Sunday, March 10, 2013


Before I go any further with this blog, I want explain my technical diagnosis.  The docs call it "schizoaffective disorder."  According to the NAMI website:

"Schizoaffective disorder is a serious mental illness that affects about one in 100 people. Schizoaffective disorder as a diagnostic entity has features that resemble both schizophrenia and also serious mood (affective) symptoms."

Why I bring this up is because most people don't know what schizoaffective means. I noticed in rooting around online that the subject doesn't get as much attention as bipoloar disorder or schizophrenia by themselves, yet the diagnosis indicates that I have both, which is more concerning than having just one.  I like to break it down and explain that I have been diagnosed with two separate illnesses, because really, when I say "schizoaffective" most people just don't get it.  But both bipolar disorder and schizophrenia have gotten a lot of attention. Also, to just say schizoaffective is a bit vague, since it indicates that you have some kind of mood disorder and some kind of serious psychosis.  I find it helpful to be specific.

What startled me when I went to the NAMI website was that part of the quote that says that schizoaffective disorder affects about 1 in 100 people.  To me, that seems like a really significant number of people.  In the U.S. alone that would be over 3 million people.  I wonder, too, how often people go undiagnosed?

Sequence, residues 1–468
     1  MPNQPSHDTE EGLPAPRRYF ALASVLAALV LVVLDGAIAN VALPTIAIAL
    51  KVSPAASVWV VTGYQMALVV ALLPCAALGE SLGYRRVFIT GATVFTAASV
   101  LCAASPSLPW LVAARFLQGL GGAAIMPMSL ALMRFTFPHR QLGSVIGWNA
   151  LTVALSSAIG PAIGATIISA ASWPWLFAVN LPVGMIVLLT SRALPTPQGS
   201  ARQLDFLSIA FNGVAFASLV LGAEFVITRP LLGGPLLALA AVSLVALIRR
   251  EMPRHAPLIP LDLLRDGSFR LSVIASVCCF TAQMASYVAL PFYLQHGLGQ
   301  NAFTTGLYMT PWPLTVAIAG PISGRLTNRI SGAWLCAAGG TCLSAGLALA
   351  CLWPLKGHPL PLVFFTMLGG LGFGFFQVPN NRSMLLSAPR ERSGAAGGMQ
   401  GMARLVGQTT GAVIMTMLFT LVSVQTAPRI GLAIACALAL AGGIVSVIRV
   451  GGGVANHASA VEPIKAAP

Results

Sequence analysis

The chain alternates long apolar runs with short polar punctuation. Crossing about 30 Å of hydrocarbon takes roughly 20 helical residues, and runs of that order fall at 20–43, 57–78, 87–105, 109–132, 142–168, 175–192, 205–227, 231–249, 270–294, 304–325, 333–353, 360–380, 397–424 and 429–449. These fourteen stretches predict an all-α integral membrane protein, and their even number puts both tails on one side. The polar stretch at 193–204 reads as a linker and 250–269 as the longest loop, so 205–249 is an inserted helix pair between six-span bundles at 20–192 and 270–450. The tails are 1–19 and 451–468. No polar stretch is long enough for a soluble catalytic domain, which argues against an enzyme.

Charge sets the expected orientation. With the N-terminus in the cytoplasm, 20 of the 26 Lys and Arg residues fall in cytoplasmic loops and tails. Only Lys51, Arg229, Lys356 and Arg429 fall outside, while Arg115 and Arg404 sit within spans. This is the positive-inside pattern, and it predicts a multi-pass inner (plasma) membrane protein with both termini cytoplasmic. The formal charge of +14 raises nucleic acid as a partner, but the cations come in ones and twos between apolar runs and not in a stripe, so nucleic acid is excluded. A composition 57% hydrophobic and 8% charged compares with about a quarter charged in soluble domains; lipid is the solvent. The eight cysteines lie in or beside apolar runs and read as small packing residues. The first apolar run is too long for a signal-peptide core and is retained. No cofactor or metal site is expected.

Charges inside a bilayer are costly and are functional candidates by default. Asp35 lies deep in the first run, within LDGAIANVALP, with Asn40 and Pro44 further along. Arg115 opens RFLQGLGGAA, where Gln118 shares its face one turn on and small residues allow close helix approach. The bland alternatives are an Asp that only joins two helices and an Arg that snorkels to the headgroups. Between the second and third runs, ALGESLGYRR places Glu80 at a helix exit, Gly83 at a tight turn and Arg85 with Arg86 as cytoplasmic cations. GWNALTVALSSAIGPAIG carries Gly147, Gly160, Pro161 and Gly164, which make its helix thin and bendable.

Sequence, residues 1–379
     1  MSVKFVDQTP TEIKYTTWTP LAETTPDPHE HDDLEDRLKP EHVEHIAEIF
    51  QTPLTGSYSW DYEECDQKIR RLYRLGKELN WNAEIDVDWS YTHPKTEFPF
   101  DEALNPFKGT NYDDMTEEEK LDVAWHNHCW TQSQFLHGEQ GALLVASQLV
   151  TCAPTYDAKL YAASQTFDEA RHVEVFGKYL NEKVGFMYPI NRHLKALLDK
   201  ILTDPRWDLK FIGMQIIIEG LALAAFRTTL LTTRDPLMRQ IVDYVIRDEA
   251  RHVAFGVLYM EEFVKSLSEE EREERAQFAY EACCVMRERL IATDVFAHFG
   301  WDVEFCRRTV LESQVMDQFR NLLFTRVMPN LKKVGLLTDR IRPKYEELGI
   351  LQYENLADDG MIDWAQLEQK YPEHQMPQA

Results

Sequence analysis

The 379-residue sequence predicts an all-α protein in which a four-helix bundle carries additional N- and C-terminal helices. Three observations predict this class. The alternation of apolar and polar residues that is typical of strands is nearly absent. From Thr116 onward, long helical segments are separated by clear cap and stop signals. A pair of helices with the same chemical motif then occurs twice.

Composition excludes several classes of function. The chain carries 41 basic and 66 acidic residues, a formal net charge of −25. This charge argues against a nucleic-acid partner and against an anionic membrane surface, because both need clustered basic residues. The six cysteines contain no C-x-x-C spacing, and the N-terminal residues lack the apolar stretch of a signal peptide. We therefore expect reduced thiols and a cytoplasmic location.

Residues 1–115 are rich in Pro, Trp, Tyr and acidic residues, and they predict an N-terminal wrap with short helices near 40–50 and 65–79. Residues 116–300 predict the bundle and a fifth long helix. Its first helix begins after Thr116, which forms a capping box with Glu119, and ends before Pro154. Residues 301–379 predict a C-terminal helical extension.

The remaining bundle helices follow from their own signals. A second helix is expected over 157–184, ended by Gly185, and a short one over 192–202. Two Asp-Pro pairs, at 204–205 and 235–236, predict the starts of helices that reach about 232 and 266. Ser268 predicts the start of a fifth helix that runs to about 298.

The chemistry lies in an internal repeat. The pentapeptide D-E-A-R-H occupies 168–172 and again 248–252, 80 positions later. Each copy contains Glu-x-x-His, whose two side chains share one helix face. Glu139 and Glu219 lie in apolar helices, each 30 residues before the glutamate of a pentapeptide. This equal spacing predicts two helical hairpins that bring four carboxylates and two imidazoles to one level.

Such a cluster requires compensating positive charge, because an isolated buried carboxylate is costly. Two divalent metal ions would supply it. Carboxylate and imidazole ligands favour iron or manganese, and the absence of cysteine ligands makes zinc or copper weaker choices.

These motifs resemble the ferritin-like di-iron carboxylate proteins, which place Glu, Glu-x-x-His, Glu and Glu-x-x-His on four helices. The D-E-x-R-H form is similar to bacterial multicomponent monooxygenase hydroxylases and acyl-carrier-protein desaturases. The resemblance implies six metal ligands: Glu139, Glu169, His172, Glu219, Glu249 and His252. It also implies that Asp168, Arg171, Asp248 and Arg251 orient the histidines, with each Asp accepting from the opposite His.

The duration of time, from the time of my initial diagnosis of bipolar, to the time I was told I was schizoaffective due to also being schizophrenic, was twelve years.  The main reason was that I was so schizophrenic that I couldn't even articulate that I was hallucinating.  The presence of voices and delusions fed into my psychosis (I thought that I was psychic and telepathic and that I was "listening" to things going on about me.  I didn't think anyone would believe me if I told them that, and I had no one to tell anyhow, because I was sure that everyone was out to get me).  How many other people don't even know to ask for help or how to go about it?  I've heard it's typical that people go about 10 years on average before they get the correct diagnosis of a mental illness, so I'm sure I'm far from alone.

For the purposes of this blog though, the actual most important diagnosis is the "dual diagnosis" of mental illness and substance abuse issues. i've also heard it called "MIS" for menatl illness and substance abuse.   It's easier than it used to be, not to be tempted to self-medicate, because I have such a supportive network and environment, but that doesn't mean that I don't always have to flick away the idea when I'm anxious, which is quite often.  But it's particularly dangerous to use while you're on meds (not to mention using instead of meds). 

So, yes, technically I am "schizoaffective" and maybe if that term comes into more general use, I'll use it as a descriptor more often.  In the meantime, I feel that what's important is to continue to educate people about what it means.

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